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Joanna Cruz

Student , The Cooper Union For The Advancement of Science and Art

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Would you rather be an information producer, propagator, or consumer?

In my Bioelectricity class this week, we talked about the propagation of electrical signals in the body. We learned that sensory cells and neurons act like information "producers." As sensory cells in the eye, ear, nose, tongue and body generate the electric signals that stimulate neurons, "information" is produced by the body! This information is then transmitted in the form of action potentials (or "spikes") along myelinated axons which act as "information propagators" as they efficiently and rapidly distribute these signals. These signals may be received by the dendrites of other neurons which act as receivers, or "consumers" of the action potentials.

Learning this material has inspired me to ask: how can biology inspire us as we disseminate "ideas worth spreading?” or as we consider our roles as information producers, information propagators, or an information consumers? How can we best help propagate worthy and novel ideas?

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  • Feb 23 2012: There is something quite radical about considering that we are passing only information. When our brain receives data, it will simplify it by
    - deleting : some of the information received is forgotten, considered as not important and thus discarded.
    - distortion : some of the information received is modified in order to stick to a more familiar model we know of.
    - generalization : some properties of a part of the information is extended to some other or all the pieces of the data.
    When it comes to manipulating information, our first reflex is to simplify it in a way that it is easier to manipulate for us and us only. Other people might simplify it in other ways. The map is not the reality.

    Simplified information is faster to proceed with for our brains and easier to link to the collection of data our brains already know about. We learn new things by linking them to what we already know or have experienced. Information has no interest if we cannot learn from this, thus linking is essential.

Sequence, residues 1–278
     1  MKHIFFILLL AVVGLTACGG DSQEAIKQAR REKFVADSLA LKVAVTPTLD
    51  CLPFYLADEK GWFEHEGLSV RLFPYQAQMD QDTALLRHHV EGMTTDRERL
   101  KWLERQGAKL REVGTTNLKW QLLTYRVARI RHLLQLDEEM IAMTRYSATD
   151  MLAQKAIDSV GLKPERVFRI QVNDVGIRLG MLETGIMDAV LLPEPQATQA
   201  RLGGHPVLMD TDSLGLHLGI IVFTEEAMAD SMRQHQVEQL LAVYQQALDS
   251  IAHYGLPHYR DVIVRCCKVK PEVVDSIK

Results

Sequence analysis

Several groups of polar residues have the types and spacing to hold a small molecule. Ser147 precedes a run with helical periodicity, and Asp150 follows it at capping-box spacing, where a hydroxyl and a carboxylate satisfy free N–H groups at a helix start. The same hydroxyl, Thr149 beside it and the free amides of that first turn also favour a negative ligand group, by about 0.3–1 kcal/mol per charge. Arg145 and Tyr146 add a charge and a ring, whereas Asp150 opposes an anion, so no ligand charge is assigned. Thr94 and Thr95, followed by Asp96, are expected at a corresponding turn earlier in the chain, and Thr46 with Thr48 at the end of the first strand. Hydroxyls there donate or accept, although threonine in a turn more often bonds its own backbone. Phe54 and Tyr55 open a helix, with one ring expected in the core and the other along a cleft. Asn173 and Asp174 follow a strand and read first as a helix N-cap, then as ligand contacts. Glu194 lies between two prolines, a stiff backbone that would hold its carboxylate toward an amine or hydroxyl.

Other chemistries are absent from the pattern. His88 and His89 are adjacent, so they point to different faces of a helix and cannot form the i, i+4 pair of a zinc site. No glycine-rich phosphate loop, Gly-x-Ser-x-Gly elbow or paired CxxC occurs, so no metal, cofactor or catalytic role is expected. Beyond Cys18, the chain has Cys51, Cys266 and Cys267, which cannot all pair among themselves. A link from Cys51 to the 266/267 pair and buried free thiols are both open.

Context is often more important than raw information.

    Would people rather be producer, propagator or consumer ?
    I would say that people will just answer to the data they receive in their own personal way :
    - producing information if they need something that they don't know of already
    - propagating if they think the idea is worth spreading and added value to their understanding of the world or their lives for example though it might be for social proof purpose.
    - consuming so people can think of the next move in their lives be it adding some salt to their food or applying for a job.

    We all do the three things and choose what to do at the moment given our personal context and experience.
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      Feb 23 2012: Indeed excellent points - and because we are like this as individuals the vast, diverse network that all of humanity makes up becomes a brain. We need to see things from different perspectives, with different eyes and on the basis of different experience, so that we can explore all meanings of information and to bring out every last ounce of potential that is in that information. If we were all the same (like in the consumer dark ages when all we did was eat whatever we were fed by television) then we would be no more together than we are apart. Now, our collective efforts are more than the sum of its parts.

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